RZ: What are some resources you can suggest for those who want to learn more about noise?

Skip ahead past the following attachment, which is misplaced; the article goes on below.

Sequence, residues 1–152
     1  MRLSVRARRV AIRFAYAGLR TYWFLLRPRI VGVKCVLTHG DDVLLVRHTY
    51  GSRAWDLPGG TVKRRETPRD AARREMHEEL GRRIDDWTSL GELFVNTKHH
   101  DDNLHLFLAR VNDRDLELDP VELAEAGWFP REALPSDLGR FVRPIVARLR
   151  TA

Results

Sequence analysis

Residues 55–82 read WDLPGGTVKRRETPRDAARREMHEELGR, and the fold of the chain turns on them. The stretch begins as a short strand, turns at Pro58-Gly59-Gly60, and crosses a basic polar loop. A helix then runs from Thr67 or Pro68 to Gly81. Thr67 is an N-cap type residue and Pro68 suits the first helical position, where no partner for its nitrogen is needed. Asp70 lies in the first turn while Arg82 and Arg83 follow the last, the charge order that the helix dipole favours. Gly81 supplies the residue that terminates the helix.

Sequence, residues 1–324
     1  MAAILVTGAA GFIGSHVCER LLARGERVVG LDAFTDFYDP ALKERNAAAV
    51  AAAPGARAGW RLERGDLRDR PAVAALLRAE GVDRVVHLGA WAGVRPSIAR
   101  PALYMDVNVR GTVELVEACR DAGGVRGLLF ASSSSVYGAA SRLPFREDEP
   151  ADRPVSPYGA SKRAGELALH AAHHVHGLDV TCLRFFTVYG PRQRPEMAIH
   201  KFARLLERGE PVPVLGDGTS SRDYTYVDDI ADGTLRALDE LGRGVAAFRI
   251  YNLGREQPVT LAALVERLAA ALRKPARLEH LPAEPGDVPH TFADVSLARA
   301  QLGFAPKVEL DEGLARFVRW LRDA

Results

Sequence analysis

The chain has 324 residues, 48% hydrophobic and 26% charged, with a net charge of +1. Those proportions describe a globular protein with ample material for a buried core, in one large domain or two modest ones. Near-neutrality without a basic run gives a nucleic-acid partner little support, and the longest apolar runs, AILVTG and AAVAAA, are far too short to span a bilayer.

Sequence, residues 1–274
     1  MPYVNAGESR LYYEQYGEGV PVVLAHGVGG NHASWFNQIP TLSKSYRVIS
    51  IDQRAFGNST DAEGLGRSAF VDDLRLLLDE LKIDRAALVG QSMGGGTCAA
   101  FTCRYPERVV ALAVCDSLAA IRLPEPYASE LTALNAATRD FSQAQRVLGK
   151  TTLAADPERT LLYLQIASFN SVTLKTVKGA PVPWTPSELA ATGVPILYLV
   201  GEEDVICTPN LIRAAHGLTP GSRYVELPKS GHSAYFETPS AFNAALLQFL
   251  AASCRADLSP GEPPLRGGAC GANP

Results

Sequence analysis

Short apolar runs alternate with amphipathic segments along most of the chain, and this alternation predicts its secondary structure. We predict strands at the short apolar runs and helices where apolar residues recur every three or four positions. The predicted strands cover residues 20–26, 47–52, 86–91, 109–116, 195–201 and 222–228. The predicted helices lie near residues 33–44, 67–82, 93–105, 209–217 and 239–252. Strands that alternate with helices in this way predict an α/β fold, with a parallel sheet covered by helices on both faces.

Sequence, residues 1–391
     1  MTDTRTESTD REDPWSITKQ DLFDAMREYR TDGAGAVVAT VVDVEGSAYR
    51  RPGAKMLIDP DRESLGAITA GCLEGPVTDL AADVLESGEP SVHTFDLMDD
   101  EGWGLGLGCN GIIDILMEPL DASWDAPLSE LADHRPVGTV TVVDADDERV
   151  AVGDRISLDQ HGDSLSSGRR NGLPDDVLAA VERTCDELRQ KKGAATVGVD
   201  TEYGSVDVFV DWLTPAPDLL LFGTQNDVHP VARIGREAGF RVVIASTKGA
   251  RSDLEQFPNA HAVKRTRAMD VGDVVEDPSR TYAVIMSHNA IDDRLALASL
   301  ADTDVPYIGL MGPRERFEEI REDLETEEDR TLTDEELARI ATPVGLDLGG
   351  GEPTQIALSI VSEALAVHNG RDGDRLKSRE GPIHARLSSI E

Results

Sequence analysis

IB: My website is where people can sign up for noise news – my newsletter – for the bylaw review period which is the best way to stay informed. The other thing they could do is go to the Small Change Fund to donate to the media campaign to get into Etobicoke, North York, and Scarborough. The problems are there. It's just a matter of how to reach those people. People also need to share their testimony with the City and elected officials. I will make it easy for them to send emails and share their story on January 11th. The squeaky wheel gets the grease, so there's a whole bunch of people in Toronto that need to get squeaky and loud because we are a silent majority. We just want to sleep and enjoy our homes, but we need to advocate for that. No More Noise Toronto’s goal is to engage and equip people to do that.